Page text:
First steps using Reason with BuckleScript

Nik Graf
InstructorNik Graf

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Published 4 years ago
Updated 3 years ago

At it's core BuckelScript is a backend for the OCaml compiler to emits JavaScript. Luckily it support not only OCaml, but also ReasonML syntax out of the box. In addition BuckleScript comes with a whole toolchain to make our lifes easier.

In this lesson we will setup the tooling to create and build a new project. We explore it's structure and add a new module.

Instructor: [00:02] We install BuckleScript using npm install. Reason can compile to native binaries like code and JavaScript.

[00:08] In this example, we quickly run through how to set up your first Reason JavaScript project using the BuckleScript platform. BuckleScript ships with the CLI tool BSB.

[00:18] It allows us to create a new project, and ships with a couple of themes. We're going to choose the basic Reason theme.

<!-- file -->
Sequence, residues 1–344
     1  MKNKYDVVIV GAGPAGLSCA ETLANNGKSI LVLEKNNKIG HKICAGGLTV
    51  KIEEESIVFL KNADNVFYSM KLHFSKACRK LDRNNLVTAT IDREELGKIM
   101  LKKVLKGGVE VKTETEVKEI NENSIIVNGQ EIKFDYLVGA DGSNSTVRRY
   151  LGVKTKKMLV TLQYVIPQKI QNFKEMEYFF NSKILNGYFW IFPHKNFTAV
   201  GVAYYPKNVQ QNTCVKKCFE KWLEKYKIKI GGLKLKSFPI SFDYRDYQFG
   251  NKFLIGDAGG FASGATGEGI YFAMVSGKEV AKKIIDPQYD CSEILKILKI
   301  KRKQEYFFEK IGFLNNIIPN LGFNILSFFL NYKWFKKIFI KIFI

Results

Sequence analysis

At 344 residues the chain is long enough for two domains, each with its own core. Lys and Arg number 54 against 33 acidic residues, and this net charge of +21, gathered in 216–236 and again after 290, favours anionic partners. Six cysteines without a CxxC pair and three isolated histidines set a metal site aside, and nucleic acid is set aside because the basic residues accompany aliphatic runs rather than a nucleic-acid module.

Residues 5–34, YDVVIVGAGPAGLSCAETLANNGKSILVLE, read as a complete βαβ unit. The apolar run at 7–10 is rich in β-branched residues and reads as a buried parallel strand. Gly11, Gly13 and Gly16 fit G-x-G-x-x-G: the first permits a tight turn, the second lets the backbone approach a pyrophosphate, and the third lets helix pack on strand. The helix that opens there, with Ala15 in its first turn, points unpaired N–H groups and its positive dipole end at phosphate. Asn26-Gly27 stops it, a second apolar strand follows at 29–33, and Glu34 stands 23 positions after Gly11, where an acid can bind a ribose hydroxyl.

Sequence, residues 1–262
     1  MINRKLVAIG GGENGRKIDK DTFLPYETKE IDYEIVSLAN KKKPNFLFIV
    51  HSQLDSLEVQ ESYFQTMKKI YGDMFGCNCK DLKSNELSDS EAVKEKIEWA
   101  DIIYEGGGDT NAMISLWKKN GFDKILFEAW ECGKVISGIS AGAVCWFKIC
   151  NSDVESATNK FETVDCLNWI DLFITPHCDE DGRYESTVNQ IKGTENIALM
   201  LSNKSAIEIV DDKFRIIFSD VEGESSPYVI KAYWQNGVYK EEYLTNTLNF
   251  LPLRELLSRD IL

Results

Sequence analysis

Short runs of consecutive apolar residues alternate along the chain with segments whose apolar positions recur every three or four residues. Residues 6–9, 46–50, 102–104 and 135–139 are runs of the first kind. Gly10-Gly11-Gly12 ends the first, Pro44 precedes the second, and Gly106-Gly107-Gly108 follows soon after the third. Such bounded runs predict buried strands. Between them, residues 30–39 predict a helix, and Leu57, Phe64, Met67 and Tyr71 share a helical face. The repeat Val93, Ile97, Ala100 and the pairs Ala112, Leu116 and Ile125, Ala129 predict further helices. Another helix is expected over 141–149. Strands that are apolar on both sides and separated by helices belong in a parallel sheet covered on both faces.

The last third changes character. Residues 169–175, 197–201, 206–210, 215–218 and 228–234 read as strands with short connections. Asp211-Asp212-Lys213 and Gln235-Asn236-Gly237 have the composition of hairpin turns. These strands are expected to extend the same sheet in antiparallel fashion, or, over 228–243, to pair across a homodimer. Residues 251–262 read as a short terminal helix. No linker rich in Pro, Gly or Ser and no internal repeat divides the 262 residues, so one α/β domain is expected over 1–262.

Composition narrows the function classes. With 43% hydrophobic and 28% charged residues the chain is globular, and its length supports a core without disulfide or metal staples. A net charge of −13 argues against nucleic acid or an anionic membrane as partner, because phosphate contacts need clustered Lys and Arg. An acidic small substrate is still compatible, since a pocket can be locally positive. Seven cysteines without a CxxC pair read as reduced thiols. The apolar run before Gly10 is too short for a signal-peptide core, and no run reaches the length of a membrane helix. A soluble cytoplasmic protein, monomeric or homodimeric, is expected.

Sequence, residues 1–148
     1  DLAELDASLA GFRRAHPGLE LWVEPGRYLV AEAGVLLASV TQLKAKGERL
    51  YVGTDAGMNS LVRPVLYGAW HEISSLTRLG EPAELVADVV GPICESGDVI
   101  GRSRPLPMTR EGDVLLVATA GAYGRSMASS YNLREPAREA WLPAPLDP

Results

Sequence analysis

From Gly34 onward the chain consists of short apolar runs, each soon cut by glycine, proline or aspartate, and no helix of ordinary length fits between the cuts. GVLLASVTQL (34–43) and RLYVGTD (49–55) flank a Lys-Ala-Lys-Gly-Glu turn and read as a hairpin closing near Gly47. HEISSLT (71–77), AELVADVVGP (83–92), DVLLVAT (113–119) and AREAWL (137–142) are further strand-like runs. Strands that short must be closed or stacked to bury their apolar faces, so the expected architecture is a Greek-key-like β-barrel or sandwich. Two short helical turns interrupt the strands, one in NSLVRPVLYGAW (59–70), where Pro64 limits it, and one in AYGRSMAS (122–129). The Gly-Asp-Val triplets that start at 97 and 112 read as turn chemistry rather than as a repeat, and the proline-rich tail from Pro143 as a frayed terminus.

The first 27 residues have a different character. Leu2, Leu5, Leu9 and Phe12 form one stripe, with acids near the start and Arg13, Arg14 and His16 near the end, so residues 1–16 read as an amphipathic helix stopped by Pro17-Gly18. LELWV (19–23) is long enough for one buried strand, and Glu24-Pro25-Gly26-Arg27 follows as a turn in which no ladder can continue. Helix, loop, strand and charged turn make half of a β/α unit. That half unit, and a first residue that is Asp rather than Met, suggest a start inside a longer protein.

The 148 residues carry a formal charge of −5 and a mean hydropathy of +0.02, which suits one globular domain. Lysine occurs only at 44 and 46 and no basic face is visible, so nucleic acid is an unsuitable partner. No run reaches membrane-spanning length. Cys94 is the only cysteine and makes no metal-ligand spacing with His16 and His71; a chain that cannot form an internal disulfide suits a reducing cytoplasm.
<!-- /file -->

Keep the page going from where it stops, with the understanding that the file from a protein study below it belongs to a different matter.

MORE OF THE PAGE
[00:26] The project contains a package.json file and a node models directory, pretty standard for a JavaScript project. What's special, though, is a dsconfig.json file, which allows you to configure BuckleScript specifically to this project.

[00:42] Going through all the possible options and configurations is probably best to be explained in a separate course. We're instead going to focus on getting our first output with this default configuration.

[00:53] This example comes with only one file. We delete it and create a file instead. Inside the file, we get started with printing a Hello World. Now we run npm run build.

[01:08] This will compile each Reason file to a matching JavaScript file, which means we can run it with Node or in the browser. As you can see, printing worked as expected.

[01:20] BuckleScript ships with a JS library that has a couple of utilities like Log. Log is quite useful, as it allows us to print larger structures and debug them.

[01:30] As a next step, we have the module with an add function. In main, we can use math then. If you build again and run main, you can see that using the math module worked out of the box.

[01:49] By the way in case you don't want to build manually all the time, you can use npm start, which will watch for file changes and compile accordingly. Now you're ready to get started with your first Reason project.